About this Research Topic
The opening and closure of stomata are facilitated by dynamic changes in ionic status of guard cells. Several abiotic/environmental and biotic signals, such as plant hormones and elicitors or microbe associated molecular patterns (MAMPs) modulate stomatal function. Among the hormonal signals, the perception and action of the plant hormones, abscisic acid (ABA), is well characterized. Stomatal guard cells, being an easy and versatile system to study the their cellular components, are considered as excellent models for studying the signal transduction mechanisms. The observations made with guard cells are quite relevant to other plant tissues as well. Many reviews on signaling components in guard cells have been highly focused on single signaling components and have appeared in different journals. The proposed Frontiers Topic on "Signal Transduction in Stomatal Guard Cells" would provide a compendium of reviews by experts, all in one place and would be an excellent source of information to those interested in guard cell function as well as signal transduction in plant cells.
The Reviews on the following topics are planned;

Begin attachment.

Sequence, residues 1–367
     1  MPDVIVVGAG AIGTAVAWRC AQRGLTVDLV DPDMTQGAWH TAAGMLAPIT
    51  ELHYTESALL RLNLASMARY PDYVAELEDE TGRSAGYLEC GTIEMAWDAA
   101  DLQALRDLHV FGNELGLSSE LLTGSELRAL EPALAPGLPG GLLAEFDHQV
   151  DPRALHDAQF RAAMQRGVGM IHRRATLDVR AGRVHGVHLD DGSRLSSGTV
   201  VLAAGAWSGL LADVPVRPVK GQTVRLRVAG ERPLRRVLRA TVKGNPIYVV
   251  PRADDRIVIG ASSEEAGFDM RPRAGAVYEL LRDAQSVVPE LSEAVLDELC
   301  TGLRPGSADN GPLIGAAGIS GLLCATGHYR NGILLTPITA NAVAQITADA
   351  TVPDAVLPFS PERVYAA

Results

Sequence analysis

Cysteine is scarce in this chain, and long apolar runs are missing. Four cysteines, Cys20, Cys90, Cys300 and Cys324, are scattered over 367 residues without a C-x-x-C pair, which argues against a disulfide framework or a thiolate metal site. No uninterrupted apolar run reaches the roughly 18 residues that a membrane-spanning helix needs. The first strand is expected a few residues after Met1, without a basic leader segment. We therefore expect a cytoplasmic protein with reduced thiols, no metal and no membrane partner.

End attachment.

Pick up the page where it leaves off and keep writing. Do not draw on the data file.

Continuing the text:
•Mesophyll - driven signals;
•Ion pumps/transporters in the plasma membrane as well as tonoplast; Biophysical properties of ion-channels;
•Molecular mechanisms of sensing CO2 or humidity and subsequent signaling components;
•Occurrence, structure and function of receptors of plant hormones/elicitors;
•High-throughput techniques to identity mutants impaired in their stomatal responses;
•Multiple signaling pathways induced during stomatal closure, for example ROS or Ca2+ dependent or independent components;
•Guard cell kinases, such as OSTs, CDPKs
•Memory systems disruption of guard cell signaling leading to loss of stomata either priming or response to stimuli, such as ABA or humidity or calcium;
•Long-term effects of environmental conditions, such as vapour pressure deficit (VPD).
•Redox - based mechanisms in guard cells;
•Mechanisms of stomatal response to red or blue lights;
•Novel compounds that affect guard cell function, such as agonists/antagonists of plant hormones and gasotransmitters;
•Proteomics and metabolomics of guard cells; Role of 14-3-3 proteins.
Important Note: All contributions to this Research Topic must be within the scope of the section and journal to which they are submitted, as defined in their mission statements. Frontiers reserves the right to guide an out-of-scope manuscript to a more suitable section or journal at any stage of peer review.